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Calf pain when lying down - what should I do?

Discussion in 'Pain and Inflammation' started by Sasha, Jan 28, 2011.

  1. Sasha

    Sasha Fine, thank you

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    Not an ME question per se probably but for years now (10? 15?), if I lie flat on my back with my legs lying straight, the back of my left calf starts to hurt so much that I have to move it after a few minutes. As long as it's not in contact with the ground it's OK. It doesn't hurt in any other situation or in any other position.

    So far I've dealt with this by ignoring it :D or by trying occasional but ineffectual calf stretches (the "pushing a tree down" variety where you lean forward against a wall with your feet about 12" way with the offending leg stretched behind you and tilt your hip forward to stretch the calf muscle/hamstring). But now I'm trying to start meditating and a lying-flat posture would be a huge help.

    Does this actually sound like a shortened muscle/hamstring problem? If so, how much stretching and for how long is likely to necessary to shift it? Is there anything else I should be doing about it?
     
  2. leaves

    leaves Senior Member

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    I had this as well; what helps is to take your foot in your hand, and push your foot out while pressing your foot in the opposite direction with your hands, such that the toes go towards you. BTW it is also a symptom of magnesium defficiency.
     
  3. rlc

    rlc Senior Member

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  4. ixchelkali

    ixchelkali Senior Member

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    I second trying magnesium. It seems many people with ME/CFS have some magnesium deficiency. I take 1/4 teaspoon of epsom salts daily, which provides 100mg of magnesium and is much less expensive than capsules. It makes a noticiable difference in my IBS symptoms, too.

    Oh, and if you can't take epsom salts, soaking in a bath with epsom salts can help, because it is absorbed through the skin.
     
  5. ukxmrv

    ukxmrv Senior Member

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    It's hard to know if it's the same as the pain I get in both calfs when lying down. I put my legs into cold water right up to the knee. Keep a bucket filled at night for this. A chillow under my knees also.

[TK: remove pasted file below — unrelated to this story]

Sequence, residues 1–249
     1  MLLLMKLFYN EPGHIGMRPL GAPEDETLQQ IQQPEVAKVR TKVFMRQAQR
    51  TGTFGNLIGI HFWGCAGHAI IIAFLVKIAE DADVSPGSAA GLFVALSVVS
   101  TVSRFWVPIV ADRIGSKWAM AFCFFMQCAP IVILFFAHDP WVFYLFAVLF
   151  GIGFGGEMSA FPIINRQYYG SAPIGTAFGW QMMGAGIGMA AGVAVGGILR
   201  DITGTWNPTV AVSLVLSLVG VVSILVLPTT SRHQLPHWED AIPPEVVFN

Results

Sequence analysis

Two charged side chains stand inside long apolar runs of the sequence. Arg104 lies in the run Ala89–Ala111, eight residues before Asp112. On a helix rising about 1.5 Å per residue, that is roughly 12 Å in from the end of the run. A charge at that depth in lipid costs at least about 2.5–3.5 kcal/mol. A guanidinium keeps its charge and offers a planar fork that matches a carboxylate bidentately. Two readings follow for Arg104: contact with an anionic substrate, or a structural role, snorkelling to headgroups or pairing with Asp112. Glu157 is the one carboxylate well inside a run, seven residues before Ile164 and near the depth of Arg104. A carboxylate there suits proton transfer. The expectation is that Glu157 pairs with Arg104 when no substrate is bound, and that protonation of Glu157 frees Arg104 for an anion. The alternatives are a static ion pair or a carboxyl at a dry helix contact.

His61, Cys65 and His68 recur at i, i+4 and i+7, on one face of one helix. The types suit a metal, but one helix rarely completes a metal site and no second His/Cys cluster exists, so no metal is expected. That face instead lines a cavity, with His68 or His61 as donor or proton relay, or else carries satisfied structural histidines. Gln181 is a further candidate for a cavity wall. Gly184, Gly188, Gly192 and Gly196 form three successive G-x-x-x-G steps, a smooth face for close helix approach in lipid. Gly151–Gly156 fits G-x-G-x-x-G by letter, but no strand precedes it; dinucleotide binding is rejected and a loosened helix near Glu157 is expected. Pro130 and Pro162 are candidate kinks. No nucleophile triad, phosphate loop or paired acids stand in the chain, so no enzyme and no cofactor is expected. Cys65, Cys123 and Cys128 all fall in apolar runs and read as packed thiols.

Magnesium/potassium help. This cleared up for a long time when I had magnesium injections.

    Also accupuncture and accupressure helped over time. There is a point on the inner part of the leg just under the knee. If I press on this it helps relieve the pain.
     
  6. Sasha

    Sasha Fine, thank you

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    One thing I love about PR is that I can post a question before I log off for the evening and by the next morning, find lots of useful answers! Thank you, everyone - I'm going to try that version of the stretch (thanks, leaves!), try a topical application of Epsom salts (thanks, ix - I googled after I read your reply and found a site suggesting that you can also soak a hot wet flannel in Epsom salts, apply it to the afflicted area, wrap it in plastic and then with a towel to keep the heat in, rather than take a bath in it), have a go with a cold pack (thanks ukxmrv!) probably alternating with heat and if that lot hasn't had any effect after a week, check in with my doctor (thanks, ric!).

    My calf won't know what has hit it!
     
  7. Sasha

    Sasha Fine, thank you

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    Update - I've just been the to chemist and got some Epsom salts, plus some arnica massage oil which is supposed to increase circulation to the area if you massage it in (which I've just done - smells and feels very nice!).

    I tried lying down flat but with an ordinary pillow under both my knees (an adaptation of ukxmrv's suggestion) and found I could stay very comfortably with no pain at all in that position for a 15 minute meditation. What a revelation! Obviously that's just masking the symptoms and you wouldn't want to lie like that for long periods (presumably it would contribute to further shortening of the muscles and tendons) but for periods when you need to be flat(ish), it's great! Wish I'd thought of that ages ago.
     

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